Local Government Association
The Local Government Association (LGA) is the national voice of local government in England and, via the Welsh LGA, in Wales. It seeks to be an authoritative and effective advocate on behalf of its members.
The LGA has its Head Office at Local Government House (formerly Transport House) in Smith Square, Westminster, London. Its members are various types of English and Welsh local authorities, including county councils, metropolitan borough councils, London borough councils, non-metropolitan district councils and unitary authorities. The LGA does not cover parish and community councils, which are represented by the National Association of Local Councils and by One Voice Wales. In addition there are bodies such as London Councils (formerly the Association of London Government) and other regional bodies to bring together local authorities at the regional level. In 2008 the Association published the National Improvement and Efficiency Strategy  with the Department for Communities and Local Government (DCLG), which saw the creation of a stronger regional presence in the form of nine Regional Improvement and Efficiency Partnerships (RIEPs) which were given £185m of devolved funding from DCLG to drive improvement in local government.
The Welsh members are part of the affiliated Welsh Local Government Association, which is a constituent part of the LGA, but retains full autonomy in dealing with Welsh affairs. By contrast in Scotland the Convention of Scottish Local Authorities and in Northern Ireland the Northern Ireland Local Government Association are wholly distinct bodies with similar roles to those of the LGA in England and Wales.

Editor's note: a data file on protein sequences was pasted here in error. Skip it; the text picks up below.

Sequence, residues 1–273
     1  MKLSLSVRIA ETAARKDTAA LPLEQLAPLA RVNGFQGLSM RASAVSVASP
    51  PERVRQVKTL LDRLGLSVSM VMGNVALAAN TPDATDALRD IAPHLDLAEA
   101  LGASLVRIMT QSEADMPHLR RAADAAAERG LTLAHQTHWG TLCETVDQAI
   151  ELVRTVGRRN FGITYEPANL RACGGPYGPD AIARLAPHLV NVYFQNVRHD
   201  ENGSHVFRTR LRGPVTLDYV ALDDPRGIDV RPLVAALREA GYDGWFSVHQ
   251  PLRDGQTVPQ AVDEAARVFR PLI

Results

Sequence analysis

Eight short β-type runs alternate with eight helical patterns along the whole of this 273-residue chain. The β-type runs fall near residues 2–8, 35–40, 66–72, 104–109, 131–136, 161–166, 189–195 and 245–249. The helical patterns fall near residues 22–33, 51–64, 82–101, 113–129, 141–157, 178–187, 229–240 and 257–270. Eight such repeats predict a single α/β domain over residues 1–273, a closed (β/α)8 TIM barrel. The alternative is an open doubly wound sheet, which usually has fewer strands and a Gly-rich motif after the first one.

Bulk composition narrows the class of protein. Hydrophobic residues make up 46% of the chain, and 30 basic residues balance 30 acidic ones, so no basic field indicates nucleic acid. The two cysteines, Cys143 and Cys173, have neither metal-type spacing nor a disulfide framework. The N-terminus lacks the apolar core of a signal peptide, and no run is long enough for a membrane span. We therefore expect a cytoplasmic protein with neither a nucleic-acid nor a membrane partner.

The LGA seeks to promote better local government; it maintains communication between officers in different local authorities to develop best practice. It also represents the interests of local government to national government and seeks to improve the image and reputation of local government generally.
The LGA was formed on 1 April 1997, in the middle of the 1990s UK local government reform which created unitary authorities. The association is the direct successor to several per-type associations, most recently the Association of County Councils, the Association of District Councils and the Association of Metropolitan Authorities. There continue to be Special Interest Groups within the LGA representing groups of authorities. These are largely per-type—the County Councils Network, the Special Interest Group of Municipal Authorities, and UNISIG, representing Unitary Authorities, but also include groups for coastal authorities, authorities with high ethnicity, and authorities with sparse populations, among others.
- Sir Jeremy Beecham (1997–2004)
- Sandy, Lord Bruce-Lockhart (2004–2007)
- Sir Simon Milton (2007–2008 )
- Dame Margaret Eaton (2008–2011)
- Sir Merrick Cockell (2011- )
Notable members 
- Sir Chris Clarke, Liberal Democrat group leader 2001-2005
- Richard Kemp CBE, Liberal Democrat group leader 2005-2011
- Marianne Overton, Independent Group Leader 2011-
Local Government Group 
The LGA was part of a wider Local Government Group that also comprised:
- Local Government Improvement and Development (formerly the Improvement & Development Agency)
- Local Government Employers (formerly the Employers' Organisation for Local Government)
- Local Government Regulation (formerly Local Authorities Coordinators of Regulatory Services)
- Local Government Leadership (formerly the Leadership Centre for Local Government)
- Local Partnerships (a joint venture between the LGA and Partnerships UK which delivers the services previously offered by 4ps)
These bodies worked with local government organisations (regardless of whether they are LGA members) with the objective of strengthening local government's capabilities and providing support for specific issues that are of widespread importance to local government, for example national pay bargaining. The members of the Local Government Group were rebranded in July 2010 as part of the Local Government Group's 'Getting Closer' initiative . However, in 2011 the decision was taken by the association's new leadership to revert back to the original LGA style and brand and by April 2012 the sister organisations had all been folded into the LGA as part of a wider efficiency and restructuring exercise .